I’ve realized in the past year, that I am intimidated when I am with Asian people. I confessed this to my friend Joyce the other night (who is Asian) after we enjoyed some soup together and a round of the un-game- a Fick family and social worker favorite get to know you game. Somehow we got on the subject of social norms and overlooked etiquette cues when I blurted out; “this year I realized that Asian people intimidate me.”
Joyce, being a kind person who didn’t call me a racist and storm out of my house asked me what I meant. “well, I explained, I’m not embarrassed by much- crazy stories that don’t portray me in a favorable light, people making fun of me, inappropriate bodily noises, I usually can laugh with it. It’s the social cues thing- since Asian culture is a shame based culture, I’m always afraid that I’ll do something wrong or offensive and that the Asian folks I’m hanging out with won’t tell me because it would be shameful to shame me.” Hmmm, Joyce pondered, “but with black friends, they’d just come out and tell you what you were doing wrong, you’d have a laugh about it and then go back to doing whatever you were doing?” yep. pretty much, in my experience.
I explained how at a wedding of a mutual friend this summer, who is Asian, there were mostly Asian guests. Dave and I had arrived a bit early since he was DJing the reception for them & Reuben was getting antsy from sitting in the church with us. So, I let him run around in the reception area, making sure he wasn’t bumping people, climbing on stuff or touching all the appetizers on the tray and then putting them back. As I looked around at the other guests, it was like a weird sixth sense of Asian mom disapproval for letting my son run around. No one said anything to me, but I still felt like I was getting silent stares of “don’t you know you shouldn’t let your son do that?” I was worried that it was also translating into “white parents let their kids run around like banshees at wedding receptions!” Joyce assured me that the Asian moms probably didn’t approve of Reuben’s rambunctiousness, but that I shouldn’t stress about it.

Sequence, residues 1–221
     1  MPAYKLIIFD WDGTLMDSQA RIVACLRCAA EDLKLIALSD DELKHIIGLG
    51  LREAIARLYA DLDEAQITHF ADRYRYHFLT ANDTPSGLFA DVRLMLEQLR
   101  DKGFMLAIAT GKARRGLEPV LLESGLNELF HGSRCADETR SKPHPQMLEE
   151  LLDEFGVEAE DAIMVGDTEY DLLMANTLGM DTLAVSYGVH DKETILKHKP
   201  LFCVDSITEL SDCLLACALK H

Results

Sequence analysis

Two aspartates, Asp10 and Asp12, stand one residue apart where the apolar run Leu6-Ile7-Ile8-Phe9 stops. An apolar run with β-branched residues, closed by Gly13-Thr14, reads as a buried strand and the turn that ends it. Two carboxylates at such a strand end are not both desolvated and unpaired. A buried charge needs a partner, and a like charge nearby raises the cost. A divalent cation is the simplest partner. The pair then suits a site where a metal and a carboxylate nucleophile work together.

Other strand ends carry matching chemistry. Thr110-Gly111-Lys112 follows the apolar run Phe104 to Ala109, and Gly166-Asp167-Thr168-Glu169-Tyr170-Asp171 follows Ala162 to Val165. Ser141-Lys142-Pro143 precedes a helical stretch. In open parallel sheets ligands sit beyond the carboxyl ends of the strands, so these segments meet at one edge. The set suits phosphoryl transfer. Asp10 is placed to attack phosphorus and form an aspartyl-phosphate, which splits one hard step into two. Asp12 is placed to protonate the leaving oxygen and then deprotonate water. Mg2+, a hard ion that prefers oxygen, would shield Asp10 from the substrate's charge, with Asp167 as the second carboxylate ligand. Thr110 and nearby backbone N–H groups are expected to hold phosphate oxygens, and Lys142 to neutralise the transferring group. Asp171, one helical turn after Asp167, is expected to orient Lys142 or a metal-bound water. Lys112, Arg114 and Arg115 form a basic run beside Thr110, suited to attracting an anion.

Joyce assured me that she would tell me if I was eating dim sum incorrectly, was doing things that were inappropriate or shameful in situations and that she’d help me learn from the inevitable mistakes I’ll make in relating to people who are different than me ethnically. I hesitated to post this blog because in today’s culture it feels almost inappropriate to name how people are different from one another, it feels wrong to say that you feel intimidated by even small cross cultural blunders because we’re supposed to be beyond all that as a culture. We’re enlightened and stuff. I don’t know that there’s that many safe places where people can talk about ethnicity- things they don’t understand, questions they have or things that they enjoy. This has been one of the reasons I’ve enjoyed working for InterVarsity Christian Fellowship so much- the almost 50 year commitment to helping their students and staff not only value the diverse ways God has created his people, but helping all of us understand what scripture says about relating to people who are culturally and ethnically different. It may not be pretty at times, but wading through the embarrassments, conflict and shame are all part of learning to love who God has made each of us to be, and how he uses each culture to help us understand who he is.